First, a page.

Joe used that as a marker, and tried to align the aircraft as best he could on that position and then went down. Because we weren’t spinning the bomb, it was an inert drop, the actual position and the conditions for dropping it didn’t apply.

The height or the speed at which you dropped it didn’t matter. We hadn’t practiced that kind of attack at all and it wasn’t easy.

If I wasn’t satisfied, I called dummy run. If Joe wasn’t satisfied, he just pulled away and left me to call dummy run.

We heard Dave Roger from the rear turret after about the sixth or seventh of these dummy runs. Will somebody get that bum out of here?

I realised I was becoming the most unpopular member of crew in double quick time. But that was my job and that was what I was there for.

Nine times we went over the dam trying to get it right, and every time we had to go back up again. In retrospect I can understand to some degree Dave’s anxiety, because his job basically was the safety of the aircraft from enemy fighters.

Each time you went up, and came back over the village, there was nothing to stop somebody down there ringing up the authorities and tell them that we were bombing their dam at that moment.

That would have brought the fighters in, bye-bye McCarthy’s crew just like that. But then on the 10th run, neither Joe nor I had said anything to each other, about height.

We both realised that the lower we got, the less forward travel that bomb would have before it hit the water. Secondly, the lower we got, the easier it would be to estimate the dropping point. On that 10th run we were down to 30 feet.

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Bombs away

When I said bomb gone, from the rear turret we hear, “Thank Christ!” We were so low, so it was nose up straight away, so I didn’t see the explosion.

But Dave saw it from the rear turret, and he estimated that the tower of water went up to about a thousand feet.

If you imagine 6,500 pounds of explosive being detonated at the depth of 25 feet, it’s going to move a hell of a lot of water in all directions upwards as well as outwards. That was what he saw.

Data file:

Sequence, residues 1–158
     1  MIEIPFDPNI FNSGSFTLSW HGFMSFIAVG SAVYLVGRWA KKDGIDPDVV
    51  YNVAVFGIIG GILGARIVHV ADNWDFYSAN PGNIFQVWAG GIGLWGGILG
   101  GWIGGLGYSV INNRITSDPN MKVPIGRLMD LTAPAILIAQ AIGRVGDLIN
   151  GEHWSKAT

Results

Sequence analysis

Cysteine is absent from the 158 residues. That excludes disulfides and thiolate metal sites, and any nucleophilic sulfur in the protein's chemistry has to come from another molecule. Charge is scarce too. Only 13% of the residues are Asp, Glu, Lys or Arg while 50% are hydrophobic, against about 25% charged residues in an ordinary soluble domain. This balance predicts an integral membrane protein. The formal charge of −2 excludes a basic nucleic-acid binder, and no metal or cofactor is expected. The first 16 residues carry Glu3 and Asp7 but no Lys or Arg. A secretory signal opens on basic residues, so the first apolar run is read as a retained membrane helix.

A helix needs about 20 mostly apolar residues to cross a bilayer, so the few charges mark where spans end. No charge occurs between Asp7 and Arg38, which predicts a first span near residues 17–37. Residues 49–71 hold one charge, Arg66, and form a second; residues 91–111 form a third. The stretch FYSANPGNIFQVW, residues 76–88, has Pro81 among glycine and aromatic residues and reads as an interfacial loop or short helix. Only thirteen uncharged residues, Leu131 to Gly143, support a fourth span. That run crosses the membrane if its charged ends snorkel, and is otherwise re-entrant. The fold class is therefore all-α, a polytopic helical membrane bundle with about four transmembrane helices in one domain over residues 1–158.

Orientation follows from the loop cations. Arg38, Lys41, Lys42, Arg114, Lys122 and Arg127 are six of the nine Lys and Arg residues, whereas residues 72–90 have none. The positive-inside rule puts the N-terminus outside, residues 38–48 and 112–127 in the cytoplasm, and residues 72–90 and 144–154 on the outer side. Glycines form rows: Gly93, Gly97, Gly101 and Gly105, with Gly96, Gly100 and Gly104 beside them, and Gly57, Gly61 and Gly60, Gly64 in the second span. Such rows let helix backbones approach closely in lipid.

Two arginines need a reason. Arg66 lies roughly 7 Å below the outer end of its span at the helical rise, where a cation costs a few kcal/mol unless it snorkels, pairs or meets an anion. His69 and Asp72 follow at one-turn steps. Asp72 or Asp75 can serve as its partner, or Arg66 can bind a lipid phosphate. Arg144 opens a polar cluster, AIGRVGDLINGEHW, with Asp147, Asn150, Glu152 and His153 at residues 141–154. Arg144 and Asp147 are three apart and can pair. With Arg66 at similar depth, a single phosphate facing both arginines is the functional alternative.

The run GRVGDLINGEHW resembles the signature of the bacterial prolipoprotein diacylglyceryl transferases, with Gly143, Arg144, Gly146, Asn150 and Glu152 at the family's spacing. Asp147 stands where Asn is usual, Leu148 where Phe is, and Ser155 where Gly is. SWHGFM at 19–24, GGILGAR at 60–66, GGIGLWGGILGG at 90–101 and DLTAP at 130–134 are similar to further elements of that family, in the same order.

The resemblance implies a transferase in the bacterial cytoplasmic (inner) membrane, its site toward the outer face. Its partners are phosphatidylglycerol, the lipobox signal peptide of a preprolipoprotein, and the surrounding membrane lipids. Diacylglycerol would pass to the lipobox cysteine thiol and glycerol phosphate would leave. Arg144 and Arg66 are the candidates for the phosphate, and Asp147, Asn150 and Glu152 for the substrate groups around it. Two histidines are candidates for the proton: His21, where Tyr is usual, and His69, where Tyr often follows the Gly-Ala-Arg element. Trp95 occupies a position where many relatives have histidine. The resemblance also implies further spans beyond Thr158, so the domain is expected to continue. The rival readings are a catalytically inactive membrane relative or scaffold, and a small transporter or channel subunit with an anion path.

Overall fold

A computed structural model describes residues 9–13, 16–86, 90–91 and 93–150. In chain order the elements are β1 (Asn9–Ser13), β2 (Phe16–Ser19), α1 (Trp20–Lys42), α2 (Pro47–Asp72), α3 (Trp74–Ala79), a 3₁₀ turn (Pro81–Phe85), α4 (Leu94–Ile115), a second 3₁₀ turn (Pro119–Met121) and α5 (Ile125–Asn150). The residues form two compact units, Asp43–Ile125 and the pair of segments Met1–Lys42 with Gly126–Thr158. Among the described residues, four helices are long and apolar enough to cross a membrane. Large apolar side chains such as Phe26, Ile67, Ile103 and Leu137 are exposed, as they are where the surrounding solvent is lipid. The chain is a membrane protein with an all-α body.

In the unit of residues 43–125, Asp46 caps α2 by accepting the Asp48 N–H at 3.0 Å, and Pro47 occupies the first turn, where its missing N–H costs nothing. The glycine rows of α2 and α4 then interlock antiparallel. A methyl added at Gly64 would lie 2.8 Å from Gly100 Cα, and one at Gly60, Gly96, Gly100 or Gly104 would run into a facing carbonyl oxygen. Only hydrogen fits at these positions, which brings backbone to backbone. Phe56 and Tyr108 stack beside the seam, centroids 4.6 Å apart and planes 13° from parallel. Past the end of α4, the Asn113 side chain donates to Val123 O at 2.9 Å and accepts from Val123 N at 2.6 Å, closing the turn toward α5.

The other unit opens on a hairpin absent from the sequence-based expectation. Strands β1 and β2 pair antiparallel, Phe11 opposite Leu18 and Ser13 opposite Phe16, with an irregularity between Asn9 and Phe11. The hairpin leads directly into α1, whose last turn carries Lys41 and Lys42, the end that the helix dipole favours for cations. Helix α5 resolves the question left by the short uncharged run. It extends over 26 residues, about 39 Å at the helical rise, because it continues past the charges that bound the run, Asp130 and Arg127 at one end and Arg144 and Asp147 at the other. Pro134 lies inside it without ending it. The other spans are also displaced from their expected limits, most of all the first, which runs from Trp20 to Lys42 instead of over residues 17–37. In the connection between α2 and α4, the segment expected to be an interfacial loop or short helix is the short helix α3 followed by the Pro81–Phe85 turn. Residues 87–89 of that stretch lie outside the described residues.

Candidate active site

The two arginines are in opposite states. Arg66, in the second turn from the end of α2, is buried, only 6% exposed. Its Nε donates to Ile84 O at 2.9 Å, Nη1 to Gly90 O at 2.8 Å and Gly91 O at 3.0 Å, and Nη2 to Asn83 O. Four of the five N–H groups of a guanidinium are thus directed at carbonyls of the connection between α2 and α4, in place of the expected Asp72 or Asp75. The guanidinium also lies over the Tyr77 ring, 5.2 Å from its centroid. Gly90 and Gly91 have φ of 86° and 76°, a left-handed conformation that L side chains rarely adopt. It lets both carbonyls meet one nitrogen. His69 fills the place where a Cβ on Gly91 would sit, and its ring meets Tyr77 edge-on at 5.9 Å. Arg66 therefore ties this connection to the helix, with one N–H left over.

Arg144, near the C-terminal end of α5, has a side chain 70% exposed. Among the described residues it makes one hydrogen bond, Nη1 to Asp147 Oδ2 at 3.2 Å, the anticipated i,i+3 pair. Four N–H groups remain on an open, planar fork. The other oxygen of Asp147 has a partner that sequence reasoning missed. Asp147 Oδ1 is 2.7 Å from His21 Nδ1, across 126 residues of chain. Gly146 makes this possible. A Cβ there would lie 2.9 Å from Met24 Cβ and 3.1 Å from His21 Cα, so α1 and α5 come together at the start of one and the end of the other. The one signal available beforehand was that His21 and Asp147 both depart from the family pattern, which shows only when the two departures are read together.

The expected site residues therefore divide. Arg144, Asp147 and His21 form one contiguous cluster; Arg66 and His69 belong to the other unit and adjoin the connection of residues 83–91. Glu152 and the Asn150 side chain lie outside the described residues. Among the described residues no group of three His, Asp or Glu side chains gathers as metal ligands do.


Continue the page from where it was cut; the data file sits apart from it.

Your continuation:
He also said that, in the down flow, some of it came into the turret, so “I thought I was going to be drowned by you buggers up there.” But that was typical of Dave.

We circled and we found that we’d crumbled the top of the dam, and that was all. Barnes-Wallis had told us at briefing that he estimated because of the structure of the Sorpe, it would need at least six bombs to crack it.

It had a concrete centre with a sort of pyramid building of broken rock packed inside and then concrete again on either side.

But if we could crack it, the water pressure would do the rest. On judging from the amount of water in that dam I’m sure he was right.

Photograph of the breached Möhne Dam taken by Flying Officer Jerry Fray of No. 542 Squadron from his Spitfire PR IX, six Barrage balloons are above the dam. Credit: Commons.

However, we were surprised, because although we were a half hour late or thereabouts, when we arrived it didn’t seem that any of the other five crews had been, nor did they arrive while we were there.

We didn’t find out why until we got back. Eventually we just shrugged it off and the route home took us over what had been the Möhne.

And for me, that was probably the greatest satisfaction of the raid in that we were able to see the destructive result of one of those attacks and we knew that the Eder had been breached as well by radio broadcast.

Header image credit: The destruction of the Möhne dam. Credit: Bundesarchiv / Commons. .

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History Hit Podcast with Jonny Johnson